The following is a modernized, hyperlinked transcription of volume 39 of The Sacred Books of the East (1891), titled The Sacred Books of China: The Texts of Tâoism, translated by James Legge, in particular of the section named The Tâo Teh King, pages 47 to 124. The section immediately following is from Chapter III of the same work's Introduction, pages 12 to 15.
Before each section of the English translation, we have added the corresponding text of the Dao De Jing, in traditional Chinese characters, from the Wang Bi version. However, we have punctuated the Chinese text, as much as feasible, to match the Legge translation. In his preface, Legge states that he consulted first the Heshang Gong version, then Wang Bi's and third various other commentaries. Legge discusses notable version differences in his comments. For additional information on the received texts, including the late twentieth century discoveries at Mawangdui and Guodian, the interested reader can consult the Laozi entry in the Stanford Encyclopedia of Philosophy.
The Legge translation uses his own romanization for Chinese names. We have rendered those names mostly as found in modern reference material, usually pinyin romanization but without tone marks. For example, 道 (pinyin: dào) is shown by Legge as Tâo and we render it as Dao. The appendix includes a list of Chinese and other individuals and works mentioned by Legge for ready reference.
The chapter headings are not part of the original texts. They are attributed to Heshang Gong and Legge included them, together with his English translation (except in two instances), at the beginning of each chapter commentary.
What is the Meaning of the Name Dao?
The first translation of the Dao De Jing into a Western language was executed in Latin by some of the Roman Catholic missionaries, and a copy of it was brought to England by a Mr. Matthew Raper, F.R.S., and presented by him to the Society at a meeting on the 10th January, 1788,—being the gift to him of P. Jos. de Grammont, 'Missionarius Apostolicus, ex-Jesuita.' In this version Dao is taken in the sense of Ratio, or the Supreme Reason of the Divine Being, the Creator and Governor.
M. Abel Rémusat, the first Professor of Chinese in Paris, does not seem to have been aware of the existence of the above version in London, but his attention was attracted to Lao's treatise about 1820, and, in 1823, he wrote of the character Dao, 'Ce mot me semble ne pas pouvoir être bien traduit, si ce n'est par le mot λόγος dans le triple sens de souverain Être, de raison, et de parole.'1
Rémusat's successor in the chair of Chinese, the late Stanislas Julien, published in 1842 a translation of the whole treatise. Having concluded from an examination of it, and the earliest Daoist writers, such as Zhuangzi, Heguanzi, and Heshang Gong, that the Dao was devoid of action, of thought, of judgment, and of intelligence, he concluded that it was impossible to understand by it 'the Primordial Reason, or the Sublime Intelligence which created, and which governs the world,' and to this he subjoined the following note:—'Quelque étrange que puisse paraître cette idée de Laozi, elle n'est pas sans exemple dans l'histoire de la philosophie. Le mot nature n'a-t-il pas été employé par certains philosophes, que la religion et la raison condamnent, pour désigner une cause première, également dépourvue de pensée et d'intelligence?'2 Julien himself did not doubt that Lao's idea of the character was that it primarily and properly meant 'a way,' and hence he translated the title Dao De Jing by 'Le Livre de la Voie et de la Vertu,'3 transferring at the same time the name Dao to the text of his version.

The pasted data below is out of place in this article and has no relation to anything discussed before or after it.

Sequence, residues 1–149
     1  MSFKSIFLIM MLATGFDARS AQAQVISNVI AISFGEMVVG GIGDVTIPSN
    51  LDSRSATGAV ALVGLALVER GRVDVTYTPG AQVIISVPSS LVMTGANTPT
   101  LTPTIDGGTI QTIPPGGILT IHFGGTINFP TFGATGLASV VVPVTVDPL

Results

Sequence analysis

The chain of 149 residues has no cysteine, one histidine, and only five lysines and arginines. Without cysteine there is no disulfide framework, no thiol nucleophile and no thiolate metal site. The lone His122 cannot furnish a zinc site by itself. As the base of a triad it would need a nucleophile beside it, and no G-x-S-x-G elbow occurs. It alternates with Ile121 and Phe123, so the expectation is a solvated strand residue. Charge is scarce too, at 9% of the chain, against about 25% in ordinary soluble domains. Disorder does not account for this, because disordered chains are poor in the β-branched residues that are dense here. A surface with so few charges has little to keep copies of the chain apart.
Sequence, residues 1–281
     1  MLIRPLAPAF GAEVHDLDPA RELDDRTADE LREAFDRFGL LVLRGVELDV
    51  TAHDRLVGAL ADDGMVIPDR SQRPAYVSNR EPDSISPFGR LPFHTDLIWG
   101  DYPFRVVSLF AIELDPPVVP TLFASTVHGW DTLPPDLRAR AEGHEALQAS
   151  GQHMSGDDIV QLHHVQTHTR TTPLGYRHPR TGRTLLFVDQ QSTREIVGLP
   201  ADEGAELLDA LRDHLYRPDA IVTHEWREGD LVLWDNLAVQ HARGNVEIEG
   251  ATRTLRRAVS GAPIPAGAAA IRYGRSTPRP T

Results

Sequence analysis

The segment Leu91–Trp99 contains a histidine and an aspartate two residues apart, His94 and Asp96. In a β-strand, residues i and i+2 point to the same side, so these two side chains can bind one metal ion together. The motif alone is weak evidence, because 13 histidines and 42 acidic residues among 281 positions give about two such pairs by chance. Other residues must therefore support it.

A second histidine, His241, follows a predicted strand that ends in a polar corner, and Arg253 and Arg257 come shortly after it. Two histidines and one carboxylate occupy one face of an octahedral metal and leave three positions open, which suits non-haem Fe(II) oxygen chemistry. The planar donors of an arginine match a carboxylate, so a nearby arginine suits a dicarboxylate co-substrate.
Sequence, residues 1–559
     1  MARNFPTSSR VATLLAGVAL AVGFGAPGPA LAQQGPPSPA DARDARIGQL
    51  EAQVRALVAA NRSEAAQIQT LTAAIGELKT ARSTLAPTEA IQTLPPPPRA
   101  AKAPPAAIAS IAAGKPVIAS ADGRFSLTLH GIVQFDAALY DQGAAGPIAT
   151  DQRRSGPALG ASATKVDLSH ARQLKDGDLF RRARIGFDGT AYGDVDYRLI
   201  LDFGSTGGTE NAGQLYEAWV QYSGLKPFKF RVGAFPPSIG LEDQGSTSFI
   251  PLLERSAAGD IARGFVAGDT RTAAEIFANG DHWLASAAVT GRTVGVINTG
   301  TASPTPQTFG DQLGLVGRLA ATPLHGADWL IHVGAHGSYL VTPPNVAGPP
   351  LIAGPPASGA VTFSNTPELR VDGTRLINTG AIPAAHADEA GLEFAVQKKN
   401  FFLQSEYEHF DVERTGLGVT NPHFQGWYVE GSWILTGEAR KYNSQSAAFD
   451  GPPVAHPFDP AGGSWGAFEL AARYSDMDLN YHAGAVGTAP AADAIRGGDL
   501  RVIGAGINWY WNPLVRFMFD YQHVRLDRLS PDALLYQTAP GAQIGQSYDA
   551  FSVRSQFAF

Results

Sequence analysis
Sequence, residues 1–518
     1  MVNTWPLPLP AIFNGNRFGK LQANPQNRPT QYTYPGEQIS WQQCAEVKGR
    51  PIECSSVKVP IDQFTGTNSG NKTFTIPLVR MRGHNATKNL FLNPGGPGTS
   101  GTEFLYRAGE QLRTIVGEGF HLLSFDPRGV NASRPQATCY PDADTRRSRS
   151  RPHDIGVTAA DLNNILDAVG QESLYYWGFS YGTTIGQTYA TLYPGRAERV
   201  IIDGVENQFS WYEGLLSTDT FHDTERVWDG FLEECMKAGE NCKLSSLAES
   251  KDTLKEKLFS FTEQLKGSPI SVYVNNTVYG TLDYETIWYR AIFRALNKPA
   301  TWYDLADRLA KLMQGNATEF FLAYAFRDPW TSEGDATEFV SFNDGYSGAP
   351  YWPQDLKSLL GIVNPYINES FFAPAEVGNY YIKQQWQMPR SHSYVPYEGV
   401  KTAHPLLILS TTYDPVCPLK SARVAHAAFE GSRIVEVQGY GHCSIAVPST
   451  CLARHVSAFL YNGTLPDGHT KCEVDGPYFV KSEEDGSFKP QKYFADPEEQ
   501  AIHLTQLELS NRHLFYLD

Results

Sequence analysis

The first English writer who endeavoured to give a distinct account of Daoism was the late Archdeacon Hardwick, while he held the office of Christian Advocate in the University of Cambridge. In his 'Christ and other Masters' (vol. ii, p. 67), when treating of the religions of China, he says, 'I feel disposed to argue that the centre of the system founded by Laozi had been awarded to some energy or power resembling the "Nature" of modern speculators. The indefinite expression Dao was adopted to denominate an abstract cause, or the initial principle of life and order, to which worshippers were able to assign the attributes of immateriality, eternity, immensity, invisibility.'
It was, probably, Julien's reference in his note to the use of the term nature, which suggested to Hardwick his analogy between Laozi's Dao, and 'the Nature of modern speculation.' Canon Farrar has said, 'We have long personified under the name of Nature the sum total of God's laws as observed in the physical world; and now the notion of Nature as a distinct, living, independent entity seems to be ineradicable alike from our literature and our systems of philosophy4.' But it seems to me that this metaphorical or mythological use of the word nature for the Cause and Ruler of it, implies the previous notion of Him, that is, of God, in the mind. Does not this clearly appear in the words of Seneca?—'Vis illum (h.e. Jovem Deum) naturam vocare, non peccabis:—hic est ex quo nata sunt omnia, cujus spiritu vivimus5.'6
In his translation of the Works of Zhuangzi in 1881, Mr. Balfour adopted Nature as the ordinary rendering of the Chinese Dao. He says, 'When the word is translated Way, it means the Way of Nature,—her processes, her methods, and her laws; when translated Reason, it is the same as lî,—the power that works in all created things, producing, preserving, and life-giving,—the intelligent principle of the world; when translated Doctrine, it refers to the True doctrine respecting the laws and mysteries of Nature.' He calls attention also to the point that 'he uses NATURE in the sense of Natura naturans, while the Chinese expression wan wû (= all things) denotes Natura naturata.' But this really comes to the metaphorical use of nature which has been touched upon above. It can claim as its patrons great names like those of Aquinas, Giordano Bruno, and Spinoza, but I have never been able to see that its barbarous phraseology makes it more than a figure of speech7.